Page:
San Nicolas Island
San Nicolas Island, one of the Channel Islands, is 61.2 miles (53.2 nm or 98.4 km) to Laguna Point, or 69.3 miles (111.5 km) to Point Vicente on the California coast.
San Nicolas Island is the most remote of California's Channel Islands. The uninhabited island is currently military-owned and controlled by the United States Navy and is used as a weapons testing and training facility.
The Nicoleño Native American tribe inhabited the island until 1835. As of the 2000 U.S. Census, the island has since remained officially uninhabited, though the census estimates that at least 200 military and civilian personnel live on the island at any given time. The island has a small airport and several buildings, including telemetry reception antennas.
San Nicolas was originally the home of the Nicoleño people, who were probably related to the Tongva of the mainland and Santa Catalina Island. It was named for Saint Nicholas by Spanish explorer Sebastián Vizcaíno after he sighted the island on the saint's feast day (6 December 1602). The Nicoleños were evacuated in the early 19th century by the padres of the California mission system. Within a few years of their removal from the island, the Nicoleño people and their unique language became extinct.
Lone Woman of San Nicolas Island
The most famous resident of San Nicolas Island was the "Lone Woman of San Nicolas Island", christened Juana Maria; her birth name was never known to anyone on the mainland. She was left behind when the rest of the Nicoleños were moved to the mainland. She resided on the island alone for 18 years before she was found by Captain George Nidever and his crew in 1853 and brought back to Santa Barbara. She died seven weeks later. Her story was the basis for Scott O'Dell's Newbery Medal-winning 1960 novel Island of the Blue Dolphins.
A swim from San Nicolas Island to the California coast has never been attempted. Anthony McCarley attempted a swim of 28 miles (45.1 km) from San Nicolas Island to Santa Barbara Island on 30 September 2015. The Santa Barbara Channel Swimming Association (SBCSA) supported and sanctioned open water swims in this channel and the other 7 of the 8 Channel Islands.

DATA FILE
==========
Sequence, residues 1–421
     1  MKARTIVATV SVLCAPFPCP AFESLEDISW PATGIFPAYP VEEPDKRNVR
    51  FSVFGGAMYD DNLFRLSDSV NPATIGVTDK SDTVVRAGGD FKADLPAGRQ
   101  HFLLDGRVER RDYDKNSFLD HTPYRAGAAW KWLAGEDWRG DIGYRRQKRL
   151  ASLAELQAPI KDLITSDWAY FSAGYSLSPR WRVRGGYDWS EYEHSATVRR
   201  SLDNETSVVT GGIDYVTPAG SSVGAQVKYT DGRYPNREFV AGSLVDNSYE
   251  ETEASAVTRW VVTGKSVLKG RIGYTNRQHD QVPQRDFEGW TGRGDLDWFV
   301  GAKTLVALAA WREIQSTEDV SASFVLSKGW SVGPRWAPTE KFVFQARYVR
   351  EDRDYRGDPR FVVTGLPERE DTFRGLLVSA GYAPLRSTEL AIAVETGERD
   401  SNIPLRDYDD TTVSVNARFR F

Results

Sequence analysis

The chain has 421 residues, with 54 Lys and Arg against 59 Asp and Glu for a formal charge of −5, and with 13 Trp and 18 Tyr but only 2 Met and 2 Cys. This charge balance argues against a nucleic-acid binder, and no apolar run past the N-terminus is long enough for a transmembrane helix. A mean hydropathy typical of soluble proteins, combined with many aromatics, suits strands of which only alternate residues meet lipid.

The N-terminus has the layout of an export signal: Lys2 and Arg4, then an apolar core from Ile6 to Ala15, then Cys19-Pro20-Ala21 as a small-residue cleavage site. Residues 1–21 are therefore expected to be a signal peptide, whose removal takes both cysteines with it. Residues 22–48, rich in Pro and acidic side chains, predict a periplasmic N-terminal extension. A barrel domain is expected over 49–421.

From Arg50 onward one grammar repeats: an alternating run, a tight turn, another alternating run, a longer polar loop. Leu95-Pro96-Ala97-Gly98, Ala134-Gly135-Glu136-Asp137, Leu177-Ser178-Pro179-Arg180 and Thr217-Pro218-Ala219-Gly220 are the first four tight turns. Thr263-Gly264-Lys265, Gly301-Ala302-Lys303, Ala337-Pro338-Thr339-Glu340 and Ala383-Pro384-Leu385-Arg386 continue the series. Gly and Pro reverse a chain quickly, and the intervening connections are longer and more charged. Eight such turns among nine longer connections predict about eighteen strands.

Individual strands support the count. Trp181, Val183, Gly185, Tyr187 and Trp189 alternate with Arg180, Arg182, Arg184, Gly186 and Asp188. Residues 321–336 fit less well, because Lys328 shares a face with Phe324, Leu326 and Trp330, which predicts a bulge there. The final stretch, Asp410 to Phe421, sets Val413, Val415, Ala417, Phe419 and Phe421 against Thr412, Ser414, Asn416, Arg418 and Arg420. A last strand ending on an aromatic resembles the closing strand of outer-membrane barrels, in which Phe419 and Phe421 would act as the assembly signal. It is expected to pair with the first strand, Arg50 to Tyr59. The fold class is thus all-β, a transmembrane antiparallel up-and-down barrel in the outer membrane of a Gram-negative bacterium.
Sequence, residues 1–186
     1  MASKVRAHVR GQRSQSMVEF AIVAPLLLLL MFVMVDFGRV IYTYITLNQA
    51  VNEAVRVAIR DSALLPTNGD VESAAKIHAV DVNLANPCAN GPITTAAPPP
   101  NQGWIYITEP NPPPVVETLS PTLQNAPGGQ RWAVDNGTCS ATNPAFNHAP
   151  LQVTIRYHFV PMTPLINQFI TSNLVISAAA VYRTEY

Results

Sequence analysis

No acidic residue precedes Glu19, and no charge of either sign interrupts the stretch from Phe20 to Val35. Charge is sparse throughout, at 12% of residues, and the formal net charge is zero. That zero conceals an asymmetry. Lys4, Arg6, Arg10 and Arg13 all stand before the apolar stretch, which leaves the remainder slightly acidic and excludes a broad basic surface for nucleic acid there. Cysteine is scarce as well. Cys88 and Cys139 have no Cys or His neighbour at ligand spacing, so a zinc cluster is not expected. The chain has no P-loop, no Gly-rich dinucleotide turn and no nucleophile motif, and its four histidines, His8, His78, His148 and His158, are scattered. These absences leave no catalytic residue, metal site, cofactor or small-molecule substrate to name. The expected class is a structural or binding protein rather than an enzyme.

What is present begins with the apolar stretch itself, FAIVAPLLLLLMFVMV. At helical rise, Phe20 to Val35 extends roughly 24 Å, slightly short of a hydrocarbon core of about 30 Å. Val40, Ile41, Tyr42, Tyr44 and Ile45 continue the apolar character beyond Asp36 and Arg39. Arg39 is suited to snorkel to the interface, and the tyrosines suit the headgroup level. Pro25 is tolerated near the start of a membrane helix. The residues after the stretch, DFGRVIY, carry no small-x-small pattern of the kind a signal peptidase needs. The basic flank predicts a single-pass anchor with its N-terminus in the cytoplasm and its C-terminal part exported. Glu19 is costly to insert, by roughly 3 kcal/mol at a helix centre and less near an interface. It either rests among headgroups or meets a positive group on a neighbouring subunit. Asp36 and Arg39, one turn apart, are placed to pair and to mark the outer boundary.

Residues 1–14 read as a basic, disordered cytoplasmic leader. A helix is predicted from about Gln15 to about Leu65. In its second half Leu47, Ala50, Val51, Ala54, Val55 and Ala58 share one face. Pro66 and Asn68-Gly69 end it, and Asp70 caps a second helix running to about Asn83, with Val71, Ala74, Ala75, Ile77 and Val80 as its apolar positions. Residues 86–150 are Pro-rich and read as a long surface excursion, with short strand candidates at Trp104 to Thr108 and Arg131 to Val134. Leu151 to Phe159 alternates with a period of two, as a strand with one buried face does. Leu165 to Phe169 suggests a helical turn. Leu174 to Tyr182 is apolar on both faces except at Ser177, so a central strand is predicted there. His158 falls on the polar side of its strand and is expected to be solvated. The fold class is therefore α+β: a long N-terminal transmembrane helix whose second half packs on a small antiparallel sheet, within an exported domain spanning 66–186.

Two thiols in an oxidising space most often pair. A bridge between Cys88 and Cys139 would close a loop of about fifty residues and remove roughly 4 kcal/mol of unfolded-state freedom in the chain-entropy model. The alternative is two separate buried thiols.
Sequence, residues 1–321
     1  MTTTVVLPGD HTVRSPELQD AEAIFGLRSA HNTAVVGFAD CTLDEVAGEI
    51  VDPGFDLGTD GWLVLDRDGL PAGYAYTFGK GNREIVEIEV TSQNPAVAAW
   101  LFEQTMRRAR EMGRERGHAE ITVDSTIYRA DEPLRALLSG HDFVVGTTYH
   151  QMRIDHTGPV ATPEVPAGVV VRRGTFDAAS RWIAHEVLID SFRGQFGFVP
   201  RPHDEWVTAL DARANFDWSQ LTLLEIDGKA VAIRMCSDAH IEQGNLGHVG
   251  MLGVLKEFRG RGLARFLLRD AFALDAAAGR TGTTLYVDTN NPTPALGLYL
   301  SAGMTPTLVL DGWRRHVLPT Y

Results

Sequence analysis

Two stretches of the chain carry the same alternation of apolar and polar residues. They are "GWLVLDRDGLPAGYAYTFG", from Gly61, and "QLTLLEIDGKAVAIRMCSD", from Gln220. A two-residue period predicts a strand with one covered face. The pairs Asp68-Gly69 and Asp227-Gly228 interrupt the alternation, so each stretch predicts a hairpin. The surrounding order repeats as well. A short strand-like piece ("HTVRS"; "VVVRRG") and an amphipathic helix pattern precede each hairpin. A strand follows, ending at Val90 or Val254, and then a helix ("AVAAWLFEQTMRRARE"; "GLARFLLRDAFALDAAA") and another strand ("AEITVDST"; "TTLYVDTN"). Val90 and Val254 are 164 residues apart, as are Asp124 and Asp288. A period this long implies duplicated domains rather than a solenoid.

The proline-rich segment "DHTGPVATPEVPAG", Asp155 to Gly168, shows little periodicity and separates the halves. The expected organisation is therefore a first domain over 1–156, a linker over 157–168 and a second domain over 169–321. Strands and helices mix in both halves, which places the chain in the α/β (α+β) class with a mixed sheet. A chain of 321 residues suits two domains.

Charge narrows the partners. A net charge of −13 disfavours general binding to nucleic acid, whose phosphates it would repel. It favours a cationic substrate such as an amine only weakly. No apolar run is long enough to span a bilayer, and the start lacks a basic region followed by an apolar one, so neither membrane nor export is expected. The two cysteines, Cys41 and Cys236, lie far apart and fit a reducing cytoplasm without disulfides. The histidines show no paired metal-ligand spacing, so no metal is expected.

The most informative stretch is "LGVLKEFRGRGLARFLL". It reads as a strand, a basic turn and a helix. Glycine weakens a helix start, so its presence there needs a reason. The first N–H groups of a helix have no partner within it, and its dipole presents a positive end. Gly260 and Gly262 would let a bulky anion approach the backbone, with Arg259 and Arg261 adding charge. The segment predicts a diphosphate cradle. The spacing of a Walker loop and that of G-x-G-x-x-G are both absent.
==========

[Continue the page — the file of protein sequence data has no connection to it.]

The Deep Enders including Jim McConica, Tom Ball, John Chung, Zach Jirkovsky, Tamie Stewart, and Stacey Warmuth swam from San Nicholas Island in the California Channel Islands to Point Vicente on the California mainland, a distance is 70.1 miles (112.8 km) under the auspices of the Santa Barbara Channel Swimming Association on 12 October 2015 in 33 hours 37 minutes.
San Nicolas Island Swim
The Ventura Deep Enders including Jim McConica, Tom Ball, John Chung, Zach Jirkovsky, Tamie Stewart, and Stacey Warmuth swam from San Nicholas Island in the California Channel Islands to Point Vicente on the California mainland, a distance is 70.1 miles (112.8 km) under the auspices of the Santa Barbara Channel Swimming Association on 12 October 2015 in 33 hours 37 minutes.
San Nicolas Island Swim Video
Julian Rusinek Scholarship
The Julian Rusinek Scholarship, funded by American open water swimmer Julian Rusinek, helps underwrite the costs of channel swim attempts by deserving American marathon swimmers across and between the San Miguel Island, Santa Rosa Island, Santa Cruz Island, Anacapa Island, San Nicolas Island, Santa Barbara Island, and San Clemente Island.
- Swim From The Island of the Blue Dolphins
- Santa Barbara Channel Swimming Association
- The Lone Woman Of San Nicolas Island
- Generosity From Julian, Swimming In Santa Barbara
- Anthony McCarley's Unprecedented Swim In The Pacific
- Round One Goes To Mother Nature
- First Attempt Stopped Short, But Future Possibilities Seen
- The Deep Enders Heading Towards The California Coast
- The Deep Enders Are Heading Towards Shallow Waters
- 33 Hours 37 Minutes From The Island Of Blue Dolphins
- Going Off With The Deep Enders
- The Legacy Of Emilio Casanueva